Search engine and indices: We installed webglimpse (http://webglimpse.net) as a search engine in order to render keyword search possible. Moreover, the data can be accessed via indices: (a) We generated a HTML-version of the name index for Kant's writings which originally appeared in 1969 (Holger et al., Personenindex zu Kants gesammelten Schriften, Berlin 1969). (b) We performed a successful experiment on the automatic generation of a lemmatized word index of Kant's Streit der Fakultäten.

Hyper linking: (a) A lot of Kant's notes from the handwritten remains directly refer to texts of other authors, e.g. to Baumgarten's book Metaphyscia. We digitalized these texts and partly linked Kant's notes to the respective text passages. (b) In some of his letters and notes Kant comments on his own works. For instance, volume 15 of the academy-edition comprises notes on anthropology that directly refer to Kant's work on Anthropologie in pragmatischer Hinsicht (volume 7). We linked the notes from volume 15 with their reference texts in volume 7. (c) We linked the transcript of Kant's opus postumum (volumes 21, 22) with facsimiles of the manuscript pages.

Collecting data and making them available: The electronic edition of Immanuel Kant's works is freely available via the WWW. Moreover, the data of the Kant-corpus can be transformed into different formats on demand. They are made available to researchers who are working on new critical editions of Kant's works. For instance, a new edition of the opus postumum is currently prepared at the Berlin-Brandenburg Academy of Science (http://kant.bbaw.de). The researchers working on this edition use the data of the electronic corpus. In exchange, corrections and editorial comments that are made in the course of the new edition will be added to the corpus. Finally, we will add digitalized facsimiles and newly discovered texts.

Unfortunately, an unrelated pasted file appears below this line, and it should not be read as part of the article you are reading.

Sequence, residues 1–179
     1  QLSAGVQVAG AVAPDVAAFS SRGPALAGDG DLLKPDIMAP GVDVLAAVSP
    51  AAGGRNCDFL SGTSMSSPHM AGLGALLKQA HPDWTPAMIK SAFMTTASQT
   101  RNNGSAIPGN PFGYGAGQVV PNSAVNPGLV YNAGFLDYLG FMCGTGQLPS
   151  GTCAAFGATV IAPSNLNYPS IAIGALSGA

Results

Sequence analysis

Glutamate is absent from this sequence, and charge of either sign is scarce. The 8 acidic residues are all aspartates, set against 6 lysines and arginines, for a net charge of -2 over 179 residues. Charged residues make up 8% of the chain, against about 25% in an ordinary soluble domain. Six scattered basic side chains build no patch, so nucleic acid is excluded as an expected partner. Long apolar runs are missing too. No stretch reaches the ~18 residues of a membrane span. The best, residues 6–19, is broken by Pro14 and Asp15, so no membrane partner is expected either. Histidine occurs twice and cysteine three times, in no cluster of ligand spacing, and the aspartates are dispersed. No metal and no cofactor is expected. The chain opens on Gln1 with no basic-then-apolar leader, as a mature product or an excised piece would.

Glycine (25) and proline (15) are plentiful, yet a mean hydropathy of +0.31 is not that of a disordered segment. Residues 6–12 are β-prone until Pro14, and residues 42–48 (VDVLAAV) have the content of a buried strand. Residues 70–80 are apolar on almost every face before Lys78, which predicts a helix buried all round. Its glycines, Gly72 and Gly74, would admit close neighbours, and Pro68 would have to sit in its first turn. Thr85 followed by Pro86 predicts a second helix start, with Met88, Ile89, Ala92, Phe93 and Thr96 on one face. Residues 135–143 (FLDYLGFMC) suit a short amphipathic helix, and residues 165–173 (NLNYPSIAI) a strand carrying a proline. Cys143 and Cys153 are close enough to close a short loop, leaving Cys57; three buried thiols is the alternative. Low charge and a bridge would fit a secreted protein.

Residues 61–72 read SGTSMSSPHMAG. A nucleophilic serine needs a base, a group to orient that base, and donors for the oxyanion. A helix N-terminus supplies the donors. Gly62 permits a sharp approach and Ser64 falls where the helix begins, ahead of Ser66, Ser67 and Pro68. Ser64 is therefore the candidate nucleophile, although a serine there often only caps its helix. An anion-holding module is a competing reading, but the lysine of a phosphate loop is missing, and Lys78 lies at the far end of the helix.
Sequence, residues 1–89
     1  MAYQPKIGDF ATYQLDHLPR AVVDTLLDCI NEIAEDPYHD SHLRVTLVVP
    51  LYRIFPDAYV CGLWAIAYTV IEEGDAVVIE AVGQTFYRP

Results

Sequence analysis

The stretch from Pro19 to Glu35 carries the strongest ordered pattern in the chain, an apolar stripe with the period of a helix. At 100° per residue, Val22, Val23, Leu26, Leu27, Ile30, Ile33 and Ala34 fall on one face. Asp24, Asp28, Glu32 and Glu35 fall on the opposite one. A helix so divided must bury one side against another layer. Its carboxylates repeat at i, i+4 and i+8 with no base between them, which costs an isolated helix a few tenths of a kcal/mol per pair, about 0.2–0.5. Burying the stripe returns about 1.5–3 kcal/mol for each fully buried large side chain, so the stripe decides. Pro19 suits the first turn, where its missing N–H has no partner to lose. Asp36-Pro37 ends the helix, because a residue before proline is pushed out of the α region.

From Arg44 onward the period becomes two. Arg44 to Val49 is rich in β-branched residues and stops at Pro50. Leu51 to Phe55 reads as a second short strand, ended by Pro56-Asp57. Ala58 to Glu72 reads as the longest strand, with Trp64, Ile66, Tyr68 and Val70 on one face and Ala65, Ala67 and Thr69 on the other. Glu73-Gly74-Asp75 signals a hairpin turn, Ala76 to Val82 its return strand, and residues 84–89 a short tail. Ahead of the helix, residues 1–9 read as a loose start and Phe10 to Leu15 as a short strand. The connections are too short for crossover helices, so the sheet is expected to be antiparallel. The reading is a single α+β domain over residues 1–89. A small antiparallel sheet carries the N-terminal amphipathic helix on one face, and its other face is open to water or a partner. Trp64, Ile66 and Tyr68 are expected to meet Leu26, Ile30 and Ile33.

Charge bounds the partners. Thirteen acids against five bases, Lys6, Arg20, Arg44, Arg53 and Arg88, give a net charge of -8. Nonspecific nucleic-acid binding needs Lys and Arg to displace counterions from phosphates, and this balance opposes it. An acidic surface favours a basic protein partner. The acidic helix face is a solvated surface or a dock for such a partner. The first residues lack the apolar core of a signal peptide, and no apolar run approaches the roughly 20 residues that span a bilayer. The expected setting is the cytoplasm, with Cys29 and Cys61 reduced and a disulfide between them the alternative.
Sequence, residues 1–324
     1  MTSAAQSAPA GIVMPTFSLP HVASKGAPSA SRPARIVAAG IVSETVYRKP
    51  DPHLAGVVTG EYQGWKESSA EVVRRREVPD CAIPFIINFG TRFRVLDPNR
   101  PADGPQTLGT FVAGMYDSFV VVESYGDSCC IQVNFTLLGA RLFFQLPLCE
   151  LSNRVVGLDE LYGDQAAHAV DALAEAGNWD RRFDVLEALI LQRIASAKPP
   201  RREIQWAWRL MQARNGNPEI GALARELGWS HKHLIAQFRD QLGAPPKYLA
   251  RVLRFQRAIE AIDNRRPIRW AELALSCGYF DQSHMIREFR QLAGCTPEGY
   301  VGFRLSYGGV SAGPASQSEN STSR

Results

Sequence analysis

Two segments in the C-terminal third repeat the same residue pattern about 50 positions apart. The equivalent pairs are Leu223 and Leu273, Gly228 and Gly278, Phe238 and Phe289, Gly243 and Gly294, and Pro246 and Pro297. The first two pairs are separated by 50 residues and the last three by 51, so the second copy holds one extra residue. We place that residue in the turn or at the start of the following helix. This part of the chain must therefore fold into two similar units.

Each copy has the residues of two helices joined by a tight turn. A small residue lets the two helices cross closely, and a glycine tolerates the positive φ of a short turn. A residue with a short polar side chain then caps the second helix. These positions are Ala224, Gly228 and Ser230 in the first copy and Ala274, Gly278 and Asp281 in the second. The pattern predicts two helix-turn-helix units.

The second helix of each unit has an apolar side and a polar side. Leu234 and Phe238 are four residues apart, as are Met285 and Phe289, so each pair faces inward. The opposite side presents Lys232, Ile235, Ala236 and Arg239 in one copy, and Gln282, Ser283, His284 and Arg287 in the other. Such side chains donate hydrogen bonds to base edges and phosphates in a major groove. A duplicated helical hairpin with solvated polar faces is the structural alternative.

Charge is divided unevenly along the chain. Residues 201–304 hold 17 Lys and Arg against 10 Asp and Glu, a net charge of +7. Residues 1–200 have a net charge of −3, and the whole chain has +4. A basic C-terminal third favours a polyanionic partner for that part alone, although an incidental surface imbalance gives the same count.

The Electronic Edition of Immanuel Kant's Complete Works is extensively used by philosophers working on Kant. These users give feedback and make helpful remarks. Some of these remarks might be self-evident but nevertheless worth mentioning: